As for the gay aspect: Jordan is played by an attractive young actor however the story is coy as to his sexuality hinting that he may not be attracted to women, or he may. It's a pity that the makers were cowerdly with this as Jordan's sexuality was a defining element to his character in the book and so the movie emasculates him.

I give it 3/5: well worthwhile to see.
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1 of 1 people found the following review helpful
3.0 out of 5 stars okay, slow moving September 20, 2013
Got this movie to watch from the library, because I've been reading a lot lately about cults and polygamy, though I haven't read this book yet.

The movie is two different story lines - the past and the present - and I found the past storyline much more interesting than the current story line. The current story line revolves around a who-done-it mystery, but with very few suspects and a very slow moving plot, I didn't particularly care who did it.

I was definitely hoping for "more" from this movie.

The acting was OK, but Chyler Leigh, who I adored from Grey's, stole the show.
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1 of 1 people found the following review helpful
4.0 out of 5 stars Very interesting movie September 20, 2013
By Lorlee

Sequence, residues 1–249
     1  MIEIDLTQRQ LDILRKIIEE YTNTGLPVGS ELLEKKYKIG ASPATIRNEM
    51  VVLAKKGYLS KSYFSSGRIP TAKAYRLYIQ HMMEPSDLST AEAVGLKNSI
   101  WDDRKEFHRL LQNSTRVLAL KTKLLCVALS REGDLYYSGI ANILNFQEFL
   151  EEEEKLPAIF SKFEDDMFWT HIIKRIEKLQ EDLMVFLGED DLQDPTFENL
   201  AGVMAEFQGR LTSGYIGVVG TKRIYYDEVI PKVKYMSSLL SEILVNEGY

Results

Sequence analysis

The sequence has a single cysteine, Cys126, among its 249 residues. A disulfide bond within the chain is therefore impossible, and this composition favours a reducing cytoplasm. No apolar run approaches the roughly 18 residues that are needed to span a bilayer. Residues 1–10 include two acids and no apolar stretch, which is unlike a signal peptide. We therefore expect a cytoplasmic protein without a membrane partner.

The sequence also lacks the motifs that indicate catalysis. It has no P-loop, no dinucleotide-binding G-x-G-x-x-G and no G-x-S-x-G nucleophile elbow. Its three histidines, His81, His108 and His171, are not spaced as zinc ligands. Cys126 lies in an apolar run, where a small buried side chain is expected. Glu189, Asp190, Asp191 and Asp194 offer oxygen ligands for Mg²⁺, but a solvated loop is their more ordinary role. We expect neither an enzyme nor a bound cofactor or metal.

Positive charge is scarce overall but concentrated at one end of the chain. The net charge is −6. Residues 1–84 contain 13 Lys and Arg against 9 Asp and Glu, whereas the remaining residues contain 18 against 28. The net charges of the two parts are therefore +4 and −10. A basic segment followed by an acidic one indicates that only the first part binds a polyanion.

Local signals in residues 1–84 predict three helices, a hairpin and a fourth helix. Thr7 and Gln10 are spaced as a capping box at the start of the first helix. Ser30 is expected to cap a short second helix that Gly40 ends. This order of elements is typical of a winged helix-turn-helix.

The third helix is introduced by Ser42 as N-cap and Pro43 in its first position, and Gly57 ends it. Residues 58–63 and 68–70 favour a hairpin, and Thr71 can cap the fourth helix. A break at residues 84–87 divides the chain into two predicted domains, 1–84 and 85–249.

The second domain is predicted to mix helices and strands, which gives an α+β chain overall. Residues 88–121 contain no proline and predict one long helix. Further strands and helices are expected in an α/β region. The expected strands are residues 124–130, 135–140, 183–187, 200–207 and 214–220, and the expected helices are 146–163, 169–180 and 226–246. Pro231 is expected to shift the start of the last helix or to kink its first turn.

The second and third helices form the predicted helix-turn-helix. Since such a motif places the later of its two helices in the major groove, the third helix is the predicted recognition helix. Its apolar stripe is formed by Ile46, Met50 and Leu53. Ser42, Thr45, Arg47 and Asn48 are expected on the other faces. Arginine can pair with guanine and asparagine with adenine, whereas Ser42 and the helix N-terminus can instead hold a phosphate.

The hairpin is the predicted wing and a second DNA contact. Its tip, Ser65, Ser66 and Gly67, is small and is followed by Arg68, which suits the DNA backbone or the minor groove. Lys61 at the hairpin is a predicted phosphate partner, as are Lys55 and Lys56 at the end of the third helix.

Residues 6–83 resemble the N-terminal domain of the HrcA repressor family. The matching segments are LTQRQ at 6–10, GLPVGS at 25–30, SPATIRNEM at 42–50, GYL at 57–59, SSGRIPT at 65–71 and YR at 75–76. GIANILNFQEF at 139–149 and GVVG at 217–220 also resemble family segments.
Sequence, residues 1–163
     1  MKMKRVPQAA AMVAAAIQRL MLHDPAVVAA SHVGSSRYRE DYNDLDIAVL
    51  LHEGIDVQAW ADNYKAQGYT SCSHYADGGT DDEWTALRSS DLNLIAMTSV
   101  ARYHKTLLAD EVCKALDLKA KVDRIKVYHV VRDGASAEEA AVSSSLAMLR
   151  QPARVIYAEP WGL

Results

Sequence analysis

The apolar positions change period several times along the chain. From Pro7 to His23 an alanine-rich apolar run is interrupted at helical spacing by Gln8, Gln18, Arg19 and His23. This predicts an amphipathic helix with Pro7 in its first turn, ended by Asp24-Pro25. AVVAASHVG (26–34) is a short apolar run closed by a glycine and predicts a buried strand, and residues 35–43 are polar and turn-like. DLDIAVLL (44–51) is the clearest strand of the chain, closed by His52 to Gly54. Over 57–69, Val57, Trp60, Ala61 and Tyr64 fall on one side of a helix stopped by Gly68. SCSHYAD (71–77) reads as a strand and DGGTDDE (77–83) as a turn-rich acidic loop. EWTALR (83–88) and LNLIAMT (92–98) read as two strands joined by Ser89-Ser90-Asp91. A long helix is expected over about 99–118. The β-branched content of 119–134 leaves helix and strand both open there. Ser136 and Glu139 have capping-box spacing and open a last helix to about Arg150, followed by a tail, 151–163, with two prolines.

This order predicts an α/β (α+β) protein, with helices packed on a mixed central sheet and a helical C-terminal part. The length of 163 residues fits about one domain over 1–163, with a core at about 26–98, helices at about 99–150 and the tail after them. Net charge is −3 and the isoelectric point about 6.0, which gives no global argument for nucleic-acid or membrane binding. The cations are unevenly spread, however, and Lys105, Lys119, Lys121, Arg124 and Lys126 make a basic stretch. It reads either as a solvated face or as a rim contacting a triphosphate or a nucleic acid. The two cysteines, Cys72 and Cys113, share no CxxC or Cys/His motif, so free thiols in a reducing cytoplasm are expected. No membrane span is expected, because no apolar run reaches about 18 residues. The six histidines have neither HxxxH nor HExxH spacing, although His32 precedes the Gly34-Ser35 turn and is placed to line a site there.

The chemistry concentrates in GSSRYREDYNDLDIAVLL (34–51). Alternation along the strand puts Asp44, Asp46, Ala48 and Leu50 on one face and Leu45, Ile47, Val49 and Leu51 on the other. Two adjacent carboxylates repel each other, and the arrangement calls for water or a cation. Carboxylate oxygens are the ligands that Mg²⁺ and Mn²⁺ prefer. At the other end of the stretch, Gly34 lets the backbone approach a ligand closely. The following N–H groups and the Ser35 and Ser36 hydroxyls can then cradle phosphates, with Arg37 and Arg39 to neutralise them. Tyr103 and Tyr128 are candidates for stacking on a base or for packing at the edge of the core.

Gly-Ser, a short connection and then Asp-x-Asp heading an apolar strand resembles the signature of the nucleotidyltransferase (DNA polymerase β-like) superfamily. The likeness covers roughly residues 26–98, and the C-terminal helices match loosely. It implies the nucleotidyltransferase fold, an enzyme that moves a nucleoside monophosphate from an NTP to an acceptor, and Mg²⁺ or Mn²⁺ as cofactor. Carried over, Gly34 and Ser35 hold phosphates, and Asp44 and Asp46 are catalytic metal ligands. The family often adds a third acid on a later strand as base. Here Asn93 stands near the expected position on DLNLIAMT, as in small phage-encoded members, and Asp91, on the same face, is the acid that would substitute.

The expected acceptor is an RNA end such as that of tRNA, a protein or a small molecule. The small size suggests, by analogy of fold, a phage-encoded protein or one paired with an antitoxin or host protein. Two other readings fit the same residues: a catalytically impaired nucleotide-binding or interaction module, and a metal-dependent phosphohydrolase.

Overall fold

Format:Amazon Instant Video|Verified Purchase
It jumped around a few times but I understand that they were trying to condense a book to a movie. I still enjoyed watching it.
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2 of 3 people found the following review helpful
4.0 out of 5 stars Interesting characters; intriguing story. March 19, 2011
I would suggest watching the movie before buying it; as the plot can feel a bit stiff at times. However, the characters have a depth I don't usually see in made-for-TV movies, which I appreciate. Check it out if you are interested in interpersonal relationships, murder mysteries, and how different types of characters struggle against their culture/brainwashing.
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1 of 2 people found the following review helpful
4.0 out of 5 stars Brigham Young's Sick Obsession October 20, 2012
This book was a very thorough "fictionalized" presentation of a so-called religious faith based on polygamy.
The story moves from the horrors of child abandonment (young boys left by the side of a road to fend for themselves because they pose a threat for elder men) in current America to the early days of a cult dictator who ruled with an iron fist while pretending to care for the women who kept his fiefdom functioning. this book points out that our laws are unable to reach out and stop this medieval Mideast type lifestyle that still flourishes in our United States. I came away understanding that Brigham Young University is named after a serial rapist!